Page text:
Survival is now the foremost priority of most SMEs in Singapore. The economic fallout that was caused by COVID-19 and the subsequent lockdowns may have left SMEs in a destitution, but the fight to claw their way back out is no less harrowing.

While some owners have begun frantically diversifying business offerings to find new sources of revenue, others have taken on odd jobs to make ends meet.

Florist Pang Hui Ya, who co-owns 7pm Bloom, told The Straits Times that turnover had fallen b approximately 80 percent due to the many wedding cancellations over the months.

“The bulk of our business comes from doing floral arrangements for weddings, so during the circuit breaker period, we focused more on selling ready-made bouquets, but the revenue from that barely covers our costs,” said Ms Pang.

She also noted that a spike in demand for Mother’s Day did little to help alleviate the financial issues and costs of running her business.

The business also encountered other hurdles, from unsuccessful applications for government grants and financial aid to losing its rented store space – setbacks that have forced Ms Pang to dig into her savings and take on part-time jobs to make ends meet. Fortunately, the business is slowly getting back on its feet as demand is slowly returning.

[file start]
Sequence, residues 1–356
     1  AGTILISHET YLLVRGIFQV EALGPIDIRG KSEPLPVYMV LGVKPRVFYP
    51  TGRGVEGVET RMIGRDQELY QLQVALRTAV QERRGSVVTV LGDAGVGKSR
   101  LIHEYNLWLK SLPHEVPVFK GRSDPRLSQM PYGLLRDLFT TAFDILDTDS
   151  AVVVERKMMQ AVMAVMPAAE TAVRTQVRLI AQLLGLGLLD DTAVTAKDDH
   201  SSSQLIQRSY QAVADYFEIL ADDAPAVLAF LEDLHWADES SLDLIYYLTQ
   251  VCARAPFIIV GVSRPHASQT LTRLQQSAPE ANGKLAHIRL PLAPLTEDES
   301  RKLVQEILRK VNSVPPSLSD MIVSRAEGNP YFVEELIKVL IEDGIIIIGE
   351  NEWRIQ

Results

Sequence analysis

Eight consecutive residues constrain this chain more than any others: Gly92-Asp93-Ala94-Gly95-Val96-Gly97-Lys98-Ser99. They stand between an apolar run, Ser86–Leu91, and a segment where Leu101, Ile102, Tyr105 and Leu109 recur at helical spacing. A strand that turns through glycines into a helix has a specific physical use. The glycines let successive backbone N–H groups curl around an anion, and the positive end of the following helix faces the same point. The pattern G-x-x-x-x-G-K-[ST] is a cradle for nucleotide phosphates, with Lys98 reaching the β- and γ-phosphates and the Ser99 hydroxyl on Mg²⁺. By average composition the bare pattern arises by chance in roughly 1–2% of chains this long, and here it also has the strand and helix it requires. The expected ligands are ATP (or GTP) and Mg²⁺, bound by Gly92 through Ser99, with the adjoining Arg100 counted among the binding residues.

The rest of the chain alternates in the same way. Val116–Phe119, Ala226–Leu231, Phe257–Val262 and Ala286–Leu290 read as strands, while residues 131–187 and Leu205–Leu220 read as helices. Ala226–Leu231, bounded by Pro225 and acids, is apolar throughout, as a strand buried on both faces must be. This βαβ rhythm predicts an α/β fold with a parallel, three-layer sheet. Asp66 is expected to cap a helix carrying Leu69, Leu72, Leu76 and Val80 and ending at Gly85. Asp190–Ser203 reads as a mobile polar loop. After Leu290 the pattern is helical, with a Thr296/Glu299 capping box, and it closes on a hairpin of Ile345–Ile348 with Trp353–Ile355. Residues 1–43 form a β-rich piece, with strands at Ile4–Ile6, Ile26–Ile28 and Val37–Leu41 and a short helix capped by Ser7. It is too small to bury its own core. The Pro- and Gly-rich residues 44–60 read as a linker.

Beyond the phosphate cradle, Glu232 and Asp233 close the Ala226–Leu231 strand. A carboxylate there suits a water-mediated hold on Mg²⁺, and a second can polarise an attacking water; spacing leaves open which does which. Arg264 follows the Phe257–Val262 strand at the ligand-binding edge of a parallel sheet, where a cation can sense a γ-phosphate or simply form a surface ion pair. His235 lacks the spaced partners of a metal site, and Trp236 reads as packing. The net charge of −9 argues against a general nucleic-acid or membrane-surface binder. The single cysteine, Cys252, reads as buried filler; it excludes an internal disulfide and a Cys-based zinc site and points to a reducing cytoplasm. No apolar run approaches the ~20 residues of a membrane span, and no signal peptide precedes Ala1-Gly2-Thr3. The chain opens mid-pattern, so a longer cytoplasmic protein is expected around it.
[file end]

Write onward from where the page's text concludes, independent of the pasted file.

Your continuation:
Businesses in the service sector expect conditions to worsen over coming months, according to recent surveys by the Economic Development Board and Department of Statistics. Many business owners are now focusing solely on surviving month-to-month. Event companies in particular have been severely affected with some companies reporting up to a 90 percent drop in sales and revenue.

Singapore Business Federation chief executive Ho Meng Kit noted that SMEs with more limited resources are adversely affected compared to larger companies”, though the JSS has helped them meet cash flow and cost challenges, especially during the circuit breaker period.

He added that the Government had adjusted JSS payouts to support qualified shareholder-directors in addition to employees, recognising that many of them are from small businesses. Unfortunately, there have been a number of reports where SMEs have been refused support as they were considered ineligible.

Mr Kurt Wee, president of the Association of Small and Medium Enterprises, said that while continued government support is essential in helping SMEs cut costs and increase revenue, funding should be directed at businesses that would still be viable even beyond the COVID-19 pandemic.

This means firms must thoroughly assess their own “developmental potential, taking into account the industry and sector that they are in, and whether the business itself has strong fundamentals”, he noted.

“Once this has been established, businesses can then consider how they can diversify and grow their revenue streams amid COVID-19, taking into account the cost components and the government support schemes they are eligible for.”

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